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Unformatted text preview: Chapter 7: The Costs of Production CHAPTER 7 THE COST OF PRODUCTION TEACHING NOTES The key topics in this chapter are • accounting versus economic costs of production, • definitions of total, average, and marginal cost in the short run and long run, • a graphical representation of total, average, and marginal cost, and • cost minimization, graphically in the chapter, and mathematically in the appendix. It is important to distinguish between accounting and economic costs so that students will understand that zero (economic) profit is a feasible long run equilibrium. It is important to spend time on the cost curve definitions and graph because they form the foundation for what will be covered in chapter 8 (firm supply). The cost minimization problem is useful for explaining which inputs the firm should use to produce a given quantity of output, and this discussion draws on the discussion of isoquants from chapter 6. It is also possible at this point to discuss the basic concept of hiring inputs until the wage is equal to the marginal revenue product of the input (chapter 14). The chapter also contains three sections that can be covered as special topics (production with two outputs, dynamic changes in costs, and estimating cost), or can be skipped altogether. Opportunity cost forms the conceptual base of this chapter. While most students think of costs in accounting terms, they must develop an understanding of the distinction between accounting, economic, and opportunity costs. One source of confusion is the opportunity cost of capital, i.e., why the rental rate on capital must be considered explicitly by economists. It is important, for example, to distinguish between the purchase price of capital equipment and the opportunity cost of using the equipment. The opportunity cost of a person’s time also leads to some confusion for students. Following the discussion of opportunity cost, the chapter diverges in two directions: one path introduces types of cost and cost curves, and the other focuses on cost minimization. Both directions converge with the discussion of long-run average cost. While the definitions of total cost, fixed cost, average cost, and marginal cost and the graphical relationships between them can seem tedious and/or uninteresting to the student, both are important in terms of understanding the derivation of the firm’s supply curve in chapter 8. Doing algebraic or numerical examples in table form is helpful for some students in terms of seeing the relationships between the different costs. Explain that each firm has a unique set of cost curves based on its own between the different costs....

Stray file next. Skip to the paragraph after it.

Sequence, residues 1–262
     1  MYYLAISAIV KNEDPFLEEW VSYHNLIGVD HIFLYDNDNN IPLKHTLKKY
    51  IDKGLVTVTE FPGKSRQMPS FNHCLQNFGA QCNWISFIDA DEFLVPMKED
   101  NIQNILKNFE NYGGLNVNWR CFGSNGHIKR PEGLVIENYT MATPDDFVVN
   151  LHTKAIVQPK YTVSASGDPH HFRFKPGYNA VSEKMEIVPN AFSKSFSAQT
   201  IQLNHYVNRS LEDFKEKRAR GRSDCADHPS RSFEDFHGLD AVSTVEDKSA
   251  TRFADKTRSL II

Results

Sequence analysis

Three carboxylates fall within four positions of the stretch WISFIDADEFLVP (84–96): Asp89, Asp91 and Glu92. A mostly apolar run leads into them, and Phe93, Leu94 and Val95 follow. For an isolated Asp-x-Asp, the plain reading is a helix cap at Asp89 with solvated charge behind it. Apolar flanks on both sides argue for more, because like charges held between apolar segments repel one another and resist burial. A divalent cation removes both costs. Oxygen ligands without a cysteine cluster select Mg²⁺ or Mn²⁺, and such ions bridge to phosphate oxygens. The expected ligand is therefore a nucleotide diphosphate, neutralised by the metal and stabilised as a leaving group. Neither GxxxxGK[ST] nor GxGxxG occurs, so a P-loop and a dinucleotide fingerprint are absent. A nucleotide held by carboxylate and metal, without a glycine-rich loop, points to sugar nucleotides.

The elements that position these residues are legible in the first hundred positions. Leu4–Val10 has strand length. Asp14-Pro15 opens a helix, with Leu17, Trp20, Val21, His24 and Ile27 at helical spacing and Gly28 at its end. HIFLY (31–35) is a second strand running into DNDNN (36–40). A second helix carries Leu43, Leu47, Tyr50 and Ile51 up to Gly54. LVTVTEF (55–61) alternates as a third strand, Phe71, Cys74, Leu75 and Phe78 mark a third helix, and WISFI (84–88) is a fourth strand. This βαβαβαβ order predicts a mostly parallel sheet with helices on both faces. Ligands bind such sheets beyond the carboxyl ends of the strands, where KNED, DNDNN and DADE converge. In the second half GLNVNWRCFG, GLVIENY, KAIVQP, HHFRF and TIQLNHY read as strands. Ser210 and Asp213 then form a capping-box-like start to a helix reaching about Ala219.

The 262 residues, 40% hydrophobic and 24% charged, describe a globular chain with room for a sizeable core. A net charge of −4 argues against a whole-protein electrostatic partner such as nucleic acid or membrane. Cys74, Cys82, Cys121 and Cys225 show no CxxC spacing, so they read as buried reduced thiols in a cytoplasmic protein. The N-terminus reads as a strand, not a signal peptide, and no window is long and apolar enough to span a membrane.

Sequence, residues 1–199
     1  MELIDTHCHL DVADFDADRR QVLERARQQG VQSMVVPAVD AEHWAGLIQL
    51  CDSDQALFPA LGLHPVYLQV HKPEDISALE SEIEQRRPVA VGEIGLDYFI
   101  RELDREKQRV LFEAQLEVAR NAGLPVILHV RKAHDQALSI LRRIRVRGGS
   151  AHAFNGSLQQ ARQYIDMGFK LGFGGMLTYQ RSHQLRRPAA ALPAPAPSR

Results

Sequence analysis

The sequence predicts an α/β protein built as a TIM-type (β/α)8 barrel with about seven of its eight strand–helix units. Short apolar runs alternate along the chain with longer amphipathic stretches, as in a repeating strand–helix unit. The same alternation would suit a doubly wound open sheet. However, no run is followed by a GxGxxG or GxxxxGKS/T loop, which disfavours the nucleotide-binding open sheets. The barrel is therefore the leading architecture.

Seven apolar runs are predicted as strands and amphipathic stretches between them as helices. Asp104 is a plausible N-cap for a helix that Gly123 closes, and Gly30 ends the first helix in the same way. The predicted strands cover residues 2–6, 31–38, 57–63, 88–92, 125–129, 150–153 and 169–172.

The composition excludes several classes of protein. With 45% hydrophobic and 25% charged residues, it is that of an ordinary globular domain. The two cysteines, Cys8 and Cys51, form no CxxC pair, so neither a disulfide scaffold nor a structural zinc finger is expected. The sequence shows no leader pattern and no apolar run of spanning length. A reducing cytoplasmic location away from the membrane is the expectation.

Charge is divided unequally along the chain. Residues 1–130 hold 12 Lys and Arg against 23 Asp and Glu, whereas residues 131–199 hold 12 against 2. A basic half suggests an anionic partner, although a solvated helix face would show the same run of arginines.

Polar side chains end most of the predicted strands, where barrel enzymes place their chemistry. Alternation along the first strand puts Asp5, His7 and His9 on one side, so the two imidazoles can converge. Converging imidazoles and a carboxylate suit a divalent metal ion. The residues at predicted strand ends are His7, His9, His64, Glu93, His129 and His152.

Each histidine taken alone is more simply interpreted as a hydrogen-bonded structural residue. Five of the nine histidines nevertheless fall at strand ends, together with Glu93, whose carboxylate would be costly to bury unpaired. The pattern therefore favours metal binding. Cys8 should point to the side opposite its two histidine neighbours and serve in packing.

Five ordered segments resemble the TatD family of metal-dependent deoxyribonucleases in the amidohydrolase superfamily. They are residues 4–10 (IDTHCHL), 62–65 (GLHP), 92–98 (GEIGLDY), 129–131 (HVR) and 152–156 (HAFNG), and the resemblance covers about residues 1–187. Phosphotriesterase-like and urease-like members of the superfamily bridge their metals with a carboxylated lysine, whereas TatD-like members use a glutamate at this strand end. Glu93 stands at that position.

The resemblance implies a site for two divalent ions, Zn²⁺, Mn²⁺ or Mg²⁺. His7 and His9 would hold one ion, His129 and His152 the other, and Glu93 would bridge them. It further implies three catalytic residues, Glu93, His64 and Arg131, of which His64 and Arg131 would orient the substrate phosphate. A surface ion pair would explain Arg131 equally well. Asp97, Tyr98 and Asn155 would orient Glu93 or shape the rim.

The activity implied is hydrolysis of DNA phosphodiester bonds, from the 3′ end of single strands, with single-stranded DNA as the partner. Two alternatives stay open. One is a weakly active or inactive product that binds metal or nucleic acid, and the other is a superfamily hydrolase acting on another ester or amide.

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This note was uploaded on 06/06/2011 for the course ECON 302 taught by Professor Avrin-rad during the Spring '09 term at University of Illinois, Urbana Champaign.
- Spring '09